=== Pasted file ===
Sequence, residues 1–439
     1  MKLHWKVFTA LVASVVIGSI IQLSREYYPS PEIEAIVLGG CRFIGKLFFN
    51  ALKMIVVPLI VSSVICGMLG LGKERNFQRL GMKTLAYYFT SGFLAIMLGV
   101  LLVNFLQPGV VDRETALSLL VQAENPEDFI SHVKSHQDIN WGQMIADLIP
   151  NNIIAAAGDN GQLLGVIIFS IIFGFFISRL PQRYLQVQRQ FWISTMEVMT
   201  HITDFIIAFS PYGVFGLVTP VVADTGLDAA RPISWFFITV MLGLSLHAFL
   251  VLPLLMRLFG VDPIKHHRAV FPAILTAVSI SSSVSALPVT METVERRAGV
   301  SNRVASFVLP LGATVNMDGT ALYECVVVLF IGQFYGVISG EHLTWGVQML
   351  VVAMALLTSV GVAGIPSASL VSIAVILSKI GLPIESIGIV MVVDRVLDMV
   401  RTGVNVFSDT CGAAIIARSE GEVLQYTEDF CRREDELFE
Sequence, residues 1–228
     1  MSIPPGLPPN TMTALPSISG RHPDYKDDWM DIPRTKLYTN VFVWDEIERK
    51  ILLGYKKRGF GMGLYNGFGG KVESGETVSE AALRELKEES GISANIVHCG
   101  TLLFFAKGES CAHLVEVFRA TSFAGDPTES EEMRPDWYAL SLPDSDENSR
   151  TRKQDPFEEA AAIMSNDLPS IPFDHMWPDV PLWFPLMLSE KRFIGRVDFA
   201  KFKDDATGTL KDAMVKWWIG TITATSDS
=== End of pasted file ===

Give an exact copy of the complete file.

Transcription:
Sequence, residues 1–439
     1  MKLHWKVFTA LVASVVIGSI IQLSREYYPS PEIEAIVLGG CRFIGKLFFN
    51  ALKMIVVPLI VSSVICGMLG LGKERNFQRL GMKTLAYYFT SGFLAIMLGV
   101  LLVNFLQPGV VDRETALSLL VQAENPEDFI SHVKSHQDIN WGQMIADLIP
   151  NNIIAAAGDN GQLLGVIIFS IIFGFFISRL PQRYLQVQRQ FWISTMEVMT
   201  HITDFIIAFS PYGVFGLVTP VVADTGLDAA RPISWFFITV MLGLSLHAFL
   251  VLPLLMRLFG VDPIKHHRAV FPAILTAVSI SSSVSALPVT METVERRAGV
   301  SNRVASFVLP LGATVNMDGT ALYECVVVLF IGQFYGVISG EHLTWGVQML
   351  VVAMALLTSV GVAGIPSASL VSIAVILSKI GLPIESIGIV MVVDRVLDMV
   401  RTGVNVFSDT CGAAIIARSE GEVLQYTEDF CRREDELFE
Sequence, residues 1–228
     1  MSIPPGLPPN TMTALPSISG RHPDYKDDWM DIPRTKLYTN VFVWDEIERK
    51  ILLGYKKRGF GMGLYNGFGG KVESGETVSE AALRELKEES GISANIVHCG
   101  TLLFFAKGES CAHLVEVFRA TSFAGDPTES EEMRPDWYAL SLPDSDENSR
   151  TRKQDPFEEA AAIMSNDLPS IPFDHMWPDV PLWFPLMLSE KRFIGRVDFA
   201  KFKDDATGTL KDAMVKWWIG TITATSDS